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March 2013 Archives

Should I file for divorce first? Consult an experienced attorney

Jeff Landers is a writer on divorce topics who frequently contributes pieces to Forbes. In a recent article, Landers discussed circumstances under which it might be advantageous to be the party who files first for divorce in a relationship that is headed for certain dissolution.

Playing divorce hard ball when it's unnecessary and wrong

In a recent media article, a family law commentator refers to the "mama bear" that she says is in most women who are seeking to protect their legal interests and the best interests of their children during the divorce process and following dissolution.

Mediation in Georgia: A valuable alternative in family law matters

Georgia courts offer alternative dispute resolution (ADR), with the Georgia Commission on Dispute Resolution (GCDR) citing two primary goals for such an option to resolve family law and other disputes. Those aims are (1) to free up the courts as much as possible so that they can handle more cases in a timely manner with limited resources and (2) to offer persons an avenue for resolution that is often more efficient, cheaper and less adversarial than the traditional court process.

Alimony

In Georgia, the award of alimony is very subjective. Unlike child support, which is based on a spreadsheet calculator, alimony is based on the subjective concept of need and ability to pay, as well as other factors such as length of marriage and conduct of the parties.

Factors signifying that you've truly moved on following divorce

Most people -- friends, family members, co-workers, gym acquaintances -- generally have a pretty good take on where someone is emotionally regarding thoughts about his or her ex-spouse following a divorce.

A few considerations for older divorcing couples

The baby-boomer generation has always seemed front and center in news relating to social movements, lifestyle shifts, generational adjustments toward work/life balance and evolving attitudes toward marriage, divorce, retirement and even renewal in older age.

Overturned prenuptial agreement draws attention, comments

In 1998, a successful real estate developer commanding a net worth of many millions of dollars and his to-be bride executed a prenuptial agreement. It provided for the soon-to-be wife to receive $25,000 per year. Additionally, the premarital contract stipulated that neither party could rely on oral statements outside the agreement in an attempt to circumvent its provisions at a future date.

Focus: Child support non-payers in one state literally get the boot

County officials of one state seeking to enforce child support obligations point with some pride to a method they say is flatly effective in generating amounts owed by tardy payers, and one that in fact has worked without a hitch well than 90 percent of the time: immobilizing the payer's car.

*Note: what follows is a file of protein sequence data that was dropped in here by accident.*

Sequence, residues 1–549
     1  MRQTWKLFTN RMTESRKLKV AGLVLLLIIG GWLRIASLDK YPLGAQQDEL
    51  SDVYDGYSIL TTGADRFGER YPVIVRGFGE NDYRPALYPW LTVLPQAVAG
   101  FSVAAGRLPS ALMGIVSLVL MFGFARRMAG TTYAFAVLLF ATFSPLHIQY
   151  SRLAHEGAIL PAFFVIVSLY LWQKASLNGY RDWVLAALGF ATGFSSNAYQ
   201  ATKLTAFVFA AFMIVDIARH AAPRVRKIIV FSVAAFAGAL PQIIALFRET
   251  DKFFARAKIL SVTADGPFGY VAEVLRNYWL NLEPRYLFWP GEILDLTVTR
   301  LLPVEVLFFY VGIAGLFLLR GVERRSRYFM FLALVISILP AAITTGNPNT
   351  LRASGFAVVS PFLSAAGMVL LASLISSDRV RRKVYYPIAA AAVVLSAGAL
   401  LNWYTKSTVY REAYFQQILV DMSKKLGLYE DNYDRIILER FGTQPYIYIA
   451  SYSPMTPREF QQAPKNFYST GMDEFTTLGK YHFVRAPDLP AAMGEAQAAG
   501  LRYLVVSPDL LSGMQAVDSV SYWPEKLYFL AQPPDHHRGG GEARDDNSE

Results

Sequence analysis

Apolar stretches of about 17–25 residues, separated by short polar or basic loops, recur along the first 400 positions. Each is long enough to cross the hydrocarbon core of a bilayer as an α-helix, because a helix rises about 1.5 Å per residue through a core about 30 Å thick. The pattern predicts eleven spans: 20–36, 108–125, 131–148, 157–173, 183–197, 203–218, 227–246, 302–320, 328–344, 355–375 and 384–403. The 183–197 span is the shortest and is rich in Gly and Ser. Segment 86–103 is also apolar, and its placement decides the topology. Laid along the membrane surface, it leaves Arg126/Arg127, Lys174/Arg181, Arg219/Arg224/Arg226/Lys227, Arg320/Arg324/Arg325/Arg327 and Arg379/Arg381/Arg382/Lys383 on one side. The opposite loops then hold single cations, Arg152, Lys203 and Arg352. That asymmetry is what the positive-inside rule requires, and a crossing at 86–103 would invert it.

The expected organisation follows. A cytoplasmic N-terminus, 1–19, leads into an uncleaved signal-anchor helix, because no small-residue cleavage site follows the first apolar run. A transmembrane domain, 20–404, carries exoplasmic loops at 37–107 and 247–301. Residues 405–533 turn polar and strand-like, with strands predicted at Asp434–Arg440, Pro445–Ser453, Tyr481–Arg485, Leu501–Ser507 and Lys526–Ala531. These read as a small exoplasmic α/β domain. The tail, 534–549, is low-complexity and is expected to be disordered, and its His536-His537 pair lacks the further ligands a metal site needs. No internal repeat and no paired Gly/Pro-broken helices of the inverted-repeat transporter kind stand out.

The Divorce Process

Filing for divorce can be a difficult and emotional decision but once you have decided that it must be done, what should you expect? What are the first steps? How long does it take? How much does it cost? I will answer some of these common questions in this general guide on getting started.

U.S. Supreme Court to hear high-profile adoption, custody case

A case scheduled to be heard by the U.S. Supreme Court next month is commanding strong interest across the country for persons, agencies and state courts involved in adoptions involving Native American children. The case -- Adoptive Couple v. Baby Girl, more widely known in the media as the Baby Veronica case -- is widely viewed as likely to set a strong precedent in future child custody matters where the federal Indian Child Welfare Act (ICWA) is involved.

Jurisdiction In Divorce Cases

Jurisdiction and venue are the legal concepts that determine where a case must be filed. Jurisdiction determines the state and the court that has the power to hear a case. Venue determines the county within the state that has the power to here the divorce.

Can My Spouse Throw Me Out of The House?

This is a very common question. When a marriage falls apart it can be very uncomfortable living under the same roof and this inevitably leads to the question of which party is going to move out. The Marital residence belongs to both the husband and wife. Therefore, neither can force the other to leave without a court order. To get that court order you are going to need to have a hearing in front of a judge. This hearing would either be a temporary or final hearing in a divorce action or under a petition for a Family Violence Protective Order. People sometimes ask, what if the other spouse owned the home before we were married or what if the house is just in the name of the other spouse? These facts do not change the answer. Both parties are entitled to remain in the marital residence until the other is granted exclusive use and possession by a court order. Of course, the parties can always agree on this issue. They may decide that one spouse has an obvious place they can stay until the divorce is final or they may decide they can move to different bedrooms and play nice.

On keeping separate (sometimes secret) savings during marriage

Jeff Landers is an author on divorce-related topics, who frequently delves into a subject that experienced divorced attorneys routinely deal with, namely, the central role that money often plays in divorce negotiations and proceedings.

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